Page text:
Is Chiropractic care appropriate for children?

Did you know that the fastest growing area in Chiropractic is the treatment of children? Some practices are entirely specialized in pediatric chiropractic, which shows how widespread such treatments are becoming. Children respond well to chiropractic. Did you know that 52 percent of all children will suffer from low-back pain at some point,with nearly 15 percent experiencing frequent or ongoing pain? Surgery would make little sense in the growing body, nor would drugging the young mind with painkillers.That’s where chiropractic fits in and provides a viable alternative to such invasive procedures. Studies are coming out showing the effectiveness of chiropractic in treating minors.

What is a subluxation?

In simplest terms, a subluxation (a.k.a. Vertebral Subluxation) is when one or more of the bones of your spine (vertebrae) move out of position and create pressure on, or irritate spinal nerves. Spinal nerves are the nerves that come out from between each of the bones in your spine. This pressure or irritation on the nerves then causes those nerves to malfunction and interfere with the signals traveling over those nerves.

How does this affect you?

Your nervous system controls and coordinates all the functions of your body. If you interfere with the signals traveling over nerves, parts of your body will not get the proper nerve messages and will not be able to function at 100% of their innate abilities. In other words, some part of your body will not be working properly. It is the responsibility of the Doctor of Chiropractic to locate subluxations, and reduce or correct them. This is done through a series of chiropractic adjustments specifically designed to correct the vertebral subluxations in your spine. Chiropractors are the only professionals who undergo years of training to be the experts at correcting subluxations.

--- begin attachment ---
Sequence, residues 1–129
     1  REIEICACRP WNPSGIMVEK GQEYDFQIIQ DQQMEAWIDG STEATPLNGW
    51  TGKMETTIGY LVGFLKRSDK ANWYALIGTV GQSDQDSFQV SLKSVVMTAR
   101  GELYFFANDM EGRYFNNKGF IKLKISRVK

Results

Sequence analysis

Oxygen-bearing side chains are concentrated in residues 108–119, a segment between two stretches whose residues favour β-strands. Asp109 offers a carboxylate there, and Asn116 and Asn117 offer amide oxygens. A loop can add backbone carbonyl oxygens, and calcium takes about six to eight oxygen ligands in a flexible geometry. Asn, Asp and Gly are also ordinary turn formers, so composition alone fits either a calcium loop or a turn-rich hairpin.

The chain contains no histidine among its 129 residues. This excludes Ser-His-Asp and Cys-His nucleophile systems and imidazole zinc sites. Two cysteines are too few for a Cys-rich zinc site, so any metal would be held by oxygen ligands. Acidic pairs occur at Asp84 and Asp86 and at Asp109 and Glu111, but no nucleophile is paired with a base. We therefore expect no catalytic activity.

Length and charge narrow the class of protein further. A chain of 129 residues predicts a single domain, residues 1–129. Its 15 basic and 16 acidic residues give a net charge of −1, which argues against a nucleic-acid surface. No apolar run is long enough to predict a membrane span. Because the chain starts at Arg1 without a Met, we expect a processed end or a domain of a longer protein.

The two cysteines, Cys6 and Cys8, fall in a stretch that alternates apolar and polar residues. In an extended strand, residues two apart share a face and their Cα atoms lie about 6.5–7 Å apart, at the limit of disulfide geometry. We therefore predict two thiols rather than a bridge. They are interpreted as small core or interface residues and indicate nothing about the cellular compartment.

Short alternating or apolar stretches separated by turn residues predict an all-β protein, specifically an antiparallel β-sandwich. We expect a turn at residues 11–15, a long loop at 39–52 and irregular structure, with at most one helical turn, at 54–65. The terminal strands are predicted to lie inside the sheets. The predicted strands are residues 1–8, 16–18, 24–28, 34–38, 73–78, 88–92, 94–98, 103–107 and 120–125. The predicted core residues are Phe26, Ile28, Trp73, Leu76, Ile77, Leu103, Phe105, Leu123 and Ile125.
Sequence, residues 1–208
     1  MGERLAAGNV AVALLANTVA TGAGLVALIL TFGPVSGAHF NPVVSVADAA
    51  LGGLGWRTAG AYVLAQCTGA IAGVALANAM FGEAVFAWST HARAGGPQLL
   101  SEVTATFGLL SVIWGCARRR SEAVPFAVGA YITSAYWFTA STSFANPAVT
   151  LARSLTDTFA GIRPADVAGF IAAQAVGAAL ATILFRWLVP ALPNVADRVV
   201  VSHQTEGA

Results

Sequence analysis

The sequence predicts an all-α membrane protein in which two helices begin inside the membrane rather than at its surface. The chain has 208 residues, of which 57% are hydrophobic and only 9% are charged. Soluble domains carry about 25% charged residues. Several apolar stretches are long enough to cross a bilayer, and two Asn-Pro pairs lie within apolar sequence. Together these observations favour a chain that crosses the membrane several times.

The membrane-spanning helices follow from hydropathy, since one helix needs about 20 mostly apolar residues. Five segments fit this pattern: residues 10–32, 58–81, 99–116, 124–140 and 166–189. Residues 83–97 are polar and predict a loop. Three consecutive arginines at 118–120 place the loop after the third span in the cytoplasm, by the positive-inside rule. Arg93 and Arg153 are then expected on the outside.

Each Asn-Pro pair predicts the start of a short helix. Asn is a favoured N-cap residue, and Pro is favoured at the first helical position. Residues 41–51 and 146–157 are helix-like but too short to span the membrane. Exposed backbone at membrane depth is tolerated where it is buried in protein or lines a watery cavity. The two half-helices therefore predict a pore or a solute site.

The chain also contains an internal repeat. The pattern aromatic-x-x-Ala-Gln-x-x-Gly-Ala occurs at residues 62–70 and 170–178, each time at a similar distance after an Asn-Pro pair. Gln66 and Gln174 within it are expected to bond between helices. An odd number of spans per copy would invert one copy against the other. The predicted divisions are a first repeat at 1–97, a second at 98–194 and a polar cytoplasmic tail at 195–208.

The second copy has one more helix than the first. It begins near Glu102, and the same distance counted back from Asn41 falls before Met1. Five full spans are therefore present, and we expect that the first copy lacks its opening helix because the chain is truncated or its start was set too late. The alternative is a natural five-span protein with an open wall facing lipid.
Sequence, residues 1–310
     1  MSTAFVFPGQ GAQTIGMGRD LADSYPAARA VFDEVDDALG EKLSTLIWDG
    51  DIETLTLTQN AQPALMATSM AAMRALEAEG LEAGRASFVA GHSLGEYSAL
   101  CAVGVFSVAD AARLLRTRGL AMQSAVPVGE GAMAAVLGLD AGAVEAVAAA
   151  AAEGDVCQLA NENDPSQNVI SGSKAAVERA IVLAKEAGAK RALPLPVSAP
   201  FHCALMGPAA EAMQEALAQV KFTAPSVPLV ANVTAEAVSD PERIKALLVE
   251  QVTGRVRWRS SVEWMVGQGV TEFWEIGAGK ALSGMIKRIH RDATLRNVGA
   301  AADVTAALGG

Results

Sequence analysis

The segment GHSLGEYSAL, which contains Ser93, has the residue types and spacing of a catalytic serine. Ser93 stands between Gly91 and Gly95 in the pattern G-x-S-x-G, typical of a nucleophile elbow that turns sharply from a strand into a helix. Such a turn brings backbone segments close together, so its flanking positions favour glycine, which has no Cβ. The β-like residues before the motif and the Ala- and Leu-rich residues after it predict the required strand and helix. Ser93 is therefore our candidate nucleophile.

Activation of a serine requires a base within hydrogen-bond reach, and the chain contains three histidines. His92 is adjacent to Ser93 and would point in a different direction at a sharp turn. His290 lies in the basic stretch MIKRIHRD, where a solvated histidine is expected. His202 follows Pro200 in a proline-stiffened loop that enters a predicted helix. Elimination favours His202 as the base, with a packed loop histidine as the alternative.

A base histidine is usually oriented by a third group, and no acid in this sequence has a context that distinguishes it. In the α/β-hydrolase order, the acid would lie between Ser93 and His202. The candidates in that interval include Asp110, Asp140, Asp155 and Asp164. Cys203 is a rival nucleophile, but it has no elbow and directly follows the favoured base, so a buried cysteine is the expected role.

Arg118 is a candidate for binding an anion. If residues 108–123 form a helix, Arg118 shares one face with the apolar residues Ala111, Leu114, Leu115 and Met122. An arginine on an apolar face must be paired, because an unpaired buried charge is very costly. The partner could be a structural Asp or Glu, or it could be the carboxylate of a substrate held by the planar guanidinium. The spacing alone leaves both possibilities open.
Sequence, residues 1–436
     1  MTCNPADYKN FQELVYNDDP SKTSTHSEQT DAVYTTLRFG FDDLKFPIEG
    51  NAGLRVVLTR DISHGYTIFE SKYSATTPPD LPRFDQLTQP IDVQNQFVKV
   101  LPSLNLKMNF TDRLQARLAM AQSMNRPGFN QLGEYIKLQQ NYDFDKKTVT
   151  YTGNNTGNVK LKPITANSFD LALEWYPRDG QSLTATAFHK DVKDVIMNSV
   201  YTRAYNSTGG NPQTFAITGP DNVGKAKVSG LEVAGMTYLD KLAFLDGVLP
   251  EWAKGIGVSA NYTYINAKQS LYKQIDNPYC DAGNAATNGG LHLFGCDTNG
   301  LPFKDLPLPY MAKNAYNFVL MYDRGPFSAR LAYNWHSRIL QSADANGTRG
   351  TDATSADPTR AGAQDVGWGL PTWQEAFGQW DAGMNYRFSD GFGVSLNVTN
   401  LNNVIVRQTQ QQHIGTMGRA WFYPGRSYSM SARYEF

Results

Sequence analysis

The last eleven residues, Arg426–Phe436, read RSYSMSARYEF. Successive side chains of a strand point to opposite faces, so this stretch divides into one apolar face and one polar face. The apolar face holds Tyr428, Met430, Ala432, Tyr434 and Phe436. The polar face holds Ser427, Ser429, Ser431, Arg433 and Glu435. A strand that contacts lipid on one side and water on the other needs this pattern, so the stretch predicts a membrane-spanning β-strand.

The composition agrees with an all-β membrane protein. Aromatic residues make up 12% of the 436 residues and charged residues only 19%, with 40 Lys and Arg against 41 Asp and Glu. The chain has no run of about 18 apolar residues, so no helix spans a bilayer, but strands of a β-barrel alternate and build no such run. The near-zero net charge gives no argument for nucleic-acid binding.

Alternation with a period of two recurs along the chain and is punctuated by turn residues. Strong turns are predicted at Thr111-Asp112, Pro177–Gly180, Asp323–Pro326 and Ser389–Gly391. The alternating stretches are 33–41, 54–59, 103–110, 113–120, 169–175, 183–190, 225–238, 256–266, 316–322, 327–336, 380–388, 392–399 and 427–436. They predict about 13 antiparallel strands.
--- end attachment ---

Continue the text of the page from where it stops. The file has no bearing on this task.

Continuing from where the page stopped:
What is a Chiropractic adjustment?

In basic terms, the spinal adjustment or spinal manipulation refers to the process in which the doctor of chiropractic skillfully applies controlled force into one or more “subluxated” vertebrae of the spine. The adjustment is also frequently used in the pelvic region to normalize the sacroiliac joints. The adjustment is usually delivered using the hands or through the use of a specialized mechanical tool. chiropractic adjustment?

What type of conditions do chiropractors treat?

Chiropractors treat many musculoskeletal and nervous system disorders and conditions that affect the spine. Many are listed below.

  • Back sprain or strain
  • Bursitis and tendonitis
  • Coccydynia (tailbone pain)
  • Degenerative disc disease
  • Fibromyalgia
  • Headaches (certain types)
  • Herniated and bulging discs
  • Osteoporosis
  • Piriformis syndrome
  • Sciatica
  • Spondylosis (osteoarthritis)
  • Whiplash and upper back pain
  • Scoliosis
  • Short leg syndrome
  • Sports injuries